Paper Cinema’s Odyssey, BAC


The clue to Paper Cinema’s work is all in the name. Borrowing from film, animation, comic book and puppetry, this is indeed cinema performed through the medium of paper; scenes formed live from hundreds of paper cut-outs and projected onto a sail-like sheet hanging at the back wall of BAC’s Council Chamber. Not quite definable as theatre, film or visual art, it might instead simply be classified as sheer, eye-popping ingenuity.

Using this distinctive method of manoeuvring paper models and drawings in front of mounted video cameras, Paper Cinema wordlessly retell the story of the Odyssey. Simple line drawings and an evocative score are injected with the heroic qualities of Homer’s verse, transporting us to heaving seas and scorched deserts, all lightly coloured by the recognisable iconography of Hollywood. Telemachus’ journey to track down his missing father takes on the character of an American road trip; Hades is a hell of dreamlike 70s psychedelia; the action movie and historical epic are repeatedly invoked. Even the meticulously honed process of framing these scenes imitates the visual movement and camera angles of the movies, rendering afresh the familiar techniques of cinema.

Strikingly – perhaps even more striking than the dazzling artistry itself – the production lays bare all its inner workings. On one side of the stage, two of the company sit surrounded by paper models, swiftly manipulating them in front of two cameras, while on the other side the band energetically dash between various instruments and objects, a live foley team in action. As stunning projections jostle for visual attention with the unveiled, astonishing work of the artists, the eye is torn by a desire to look simultaneously at the images and how they are being produced; at the magic and at the magician. This is not to suggest that the magic is ruined – if anything, the visible labour only makes the illusion all the more extraordinary at the same time as breaking it – but it does tear at the attention, sometimes productively, sometimes frustratingly.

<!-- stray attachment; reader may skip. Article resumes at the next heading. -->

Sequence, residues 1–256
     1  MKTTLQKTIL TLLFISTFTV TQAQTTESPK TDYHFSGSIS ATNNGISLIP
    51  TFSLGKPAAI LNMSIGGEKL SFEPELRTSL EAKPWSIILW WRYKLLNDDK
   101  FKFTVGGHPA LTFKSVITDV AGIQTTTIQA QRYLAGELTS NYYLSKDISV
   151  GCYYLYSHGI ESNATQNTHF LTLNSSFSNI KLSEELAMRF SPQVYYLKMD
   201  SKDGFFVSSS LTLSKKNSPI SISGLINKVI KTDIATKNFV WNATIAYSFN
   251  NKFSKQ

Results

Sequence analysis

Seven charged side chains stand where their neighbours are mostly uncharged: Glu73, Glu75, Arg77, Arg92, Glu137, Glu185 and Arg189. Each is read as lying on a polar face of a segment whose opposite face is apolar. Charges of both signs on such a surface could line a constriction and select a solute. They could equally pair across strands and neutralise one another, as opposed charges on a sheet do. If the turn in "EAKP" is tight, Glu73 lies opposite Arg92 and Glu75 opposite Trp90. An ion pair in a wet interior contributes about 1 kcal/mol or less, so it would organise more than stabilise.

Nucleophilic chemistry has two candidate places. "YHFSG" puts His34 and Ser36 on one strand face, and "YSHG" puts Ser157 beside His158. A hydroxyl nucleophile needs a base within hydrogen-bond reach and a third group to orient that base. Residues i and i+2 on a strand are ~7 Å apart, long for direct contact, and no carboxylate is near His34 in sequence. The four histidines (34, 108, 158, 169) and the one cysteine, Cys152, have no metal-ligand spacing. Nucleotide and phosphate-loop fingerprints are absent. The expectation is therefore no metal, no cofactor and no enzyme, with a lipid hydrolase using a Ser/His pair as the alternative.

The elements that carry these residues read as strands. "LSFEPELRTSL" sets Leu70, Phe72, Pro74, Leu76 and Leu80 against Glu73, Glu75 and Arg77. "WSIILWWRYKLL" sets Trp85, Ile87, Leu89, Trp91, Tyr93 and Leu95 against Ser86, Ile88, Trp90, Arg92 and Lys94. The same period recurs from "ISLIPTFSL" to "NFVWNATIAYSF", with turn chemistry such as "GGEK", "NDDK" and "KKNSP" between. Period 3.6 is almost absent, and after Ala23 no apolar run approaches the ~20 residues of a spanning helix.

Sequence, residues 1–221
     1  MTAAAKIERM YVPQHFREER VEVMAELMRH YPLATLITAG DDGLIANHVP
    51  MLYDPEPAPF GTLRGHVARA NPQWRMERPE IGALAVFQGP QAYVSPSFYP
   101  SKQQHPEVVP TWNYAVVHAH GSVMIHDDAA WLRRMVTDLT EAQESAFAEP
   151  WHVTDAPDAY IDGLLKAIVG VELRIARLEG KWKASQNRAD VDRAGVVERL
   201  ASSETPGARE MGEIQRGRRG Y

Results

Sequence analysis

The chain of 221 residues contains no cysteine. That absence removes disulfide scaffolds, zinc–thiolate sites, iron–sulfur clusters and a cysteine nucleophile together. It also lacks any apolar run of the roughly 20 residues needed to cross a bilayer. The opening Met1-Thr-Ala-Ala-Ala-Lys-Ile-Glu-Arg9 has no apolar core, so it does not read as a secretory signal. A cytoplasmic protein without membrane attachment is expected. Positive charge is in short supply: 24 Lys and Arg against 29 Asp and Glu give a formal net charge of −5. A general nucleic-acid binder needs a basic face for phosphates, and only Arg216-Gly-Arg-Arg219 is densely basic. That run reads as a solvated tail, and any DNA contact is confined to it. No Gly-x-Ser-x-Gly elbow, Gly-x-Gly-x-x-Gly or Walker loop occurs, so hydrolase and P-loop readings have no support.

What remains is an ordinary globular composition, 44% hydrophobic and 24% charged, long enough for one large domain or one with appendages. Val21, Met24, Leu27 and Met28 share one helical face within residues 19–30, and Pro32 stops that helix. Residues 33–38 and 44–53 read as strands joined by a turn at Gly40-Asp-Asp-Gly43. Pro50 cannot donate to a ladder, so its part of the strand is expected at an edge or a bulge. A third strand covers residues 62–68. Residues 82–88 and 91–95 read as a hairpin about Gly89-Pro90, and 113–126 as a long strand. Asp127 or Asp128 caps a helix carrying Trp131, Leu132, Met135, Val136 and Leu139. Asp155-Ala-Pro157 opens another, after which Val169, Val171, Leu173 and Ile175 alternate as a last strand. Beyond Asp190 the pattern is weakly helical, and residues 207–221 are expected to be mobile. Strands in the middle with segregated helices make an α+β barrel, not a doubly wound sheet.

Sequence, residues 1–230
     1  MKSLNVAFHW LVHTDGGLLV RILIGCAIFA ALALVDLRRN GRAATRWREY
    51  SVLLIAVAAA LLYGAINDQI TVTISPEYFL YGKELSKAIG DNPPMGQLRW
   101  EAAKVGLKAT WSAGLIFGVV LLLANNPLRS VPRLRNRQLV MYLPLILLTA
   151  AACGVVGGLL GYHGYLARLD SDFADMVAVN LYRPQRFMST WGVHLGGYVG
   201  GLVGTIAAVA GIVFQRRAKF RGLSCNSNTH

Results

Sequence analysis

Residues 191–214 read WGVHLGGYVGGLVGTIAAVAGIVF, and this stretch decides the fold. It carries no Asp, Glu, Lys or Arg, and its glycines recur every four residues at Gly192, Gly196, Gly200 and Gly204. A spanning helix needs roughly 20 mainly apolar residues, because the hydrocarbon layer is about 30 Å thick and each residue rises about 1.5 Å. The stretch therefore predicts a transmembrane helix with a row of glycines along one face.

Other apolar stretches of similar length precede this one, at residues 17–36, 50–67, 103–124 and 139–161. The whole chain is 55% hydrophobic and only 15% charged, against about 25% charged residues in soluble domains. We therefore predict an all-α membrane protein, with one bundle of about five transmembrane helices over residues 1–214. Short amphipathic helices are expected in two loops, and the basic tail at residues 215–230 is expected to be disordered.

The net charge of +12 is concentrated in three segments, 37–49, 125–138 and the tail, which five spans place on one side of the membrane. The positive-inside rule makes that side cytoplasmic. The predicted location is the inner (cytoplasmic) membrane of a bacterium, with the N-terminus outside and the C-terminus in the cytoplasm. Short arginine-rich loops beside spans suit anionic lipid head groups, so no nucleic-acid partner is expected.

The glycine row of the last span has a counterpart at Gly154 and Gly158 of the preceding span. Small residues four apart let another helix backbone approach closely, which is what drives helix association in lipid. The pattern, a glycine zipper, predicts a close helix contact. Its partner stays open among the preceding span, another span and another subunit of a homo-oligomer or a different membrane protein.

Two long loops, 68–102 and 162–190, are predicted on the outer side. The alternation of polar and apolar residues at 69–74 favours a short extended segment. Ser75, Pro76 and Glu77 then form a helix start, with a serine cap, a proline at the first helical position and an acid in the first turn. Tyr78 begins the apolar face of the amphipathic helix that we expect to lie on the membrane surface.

Perhaps it’s churlish of me, given the undeniable wonder that the work excites, but I found a small part of myself always reaching for that extra little insight that the piece never quite offers up. Rippling with charm and beautiful to look at, it’s pulse-quickeningly gorgeous but paper-thin. In between being dazzled by the miniature visual feats of the company’s storytelling, I wonder why, other than the understandable artistic ambition of taking on a work of such epic scale, Paper Cinema have settled on the Odyssey. There is maybe something about the timeless appeal of such narratives and the ways in which they find themselves reflected in forms, such as the Hollywood movie, which persist today. Paper Cinema’s endlessly inventive visual techniques also have a habit of making unfamiliar the ubiquitous narrative archetypes of both heroic literature and modern cinema, although of course this is not necessarily specific to Homer and doesn’t really offer an illuminating new way of reading the tale of Odysseus’ famous journey home.

These, however, are nit-picking objections, complaints that quickly dissolve when confronted with yet another display of artistic virtuosity. Precise, delicate layering of the tiny paper models allows the camera to peek into windows and enter through doorways; flickering torchlight plunges us into a raging storm; the breathless chase of a boar hunt is swiftly summoned by sweeping fragments of scenery. And all the while, married to this skill is a homemade aesthetic that it’s hard not to fall a little bit in love with, recalling childhood paper cut-outs and games of make believe. By the end, whatever its small failings, it’s almost impossible to do anything but grin at the playful, mesmerising joy of invention.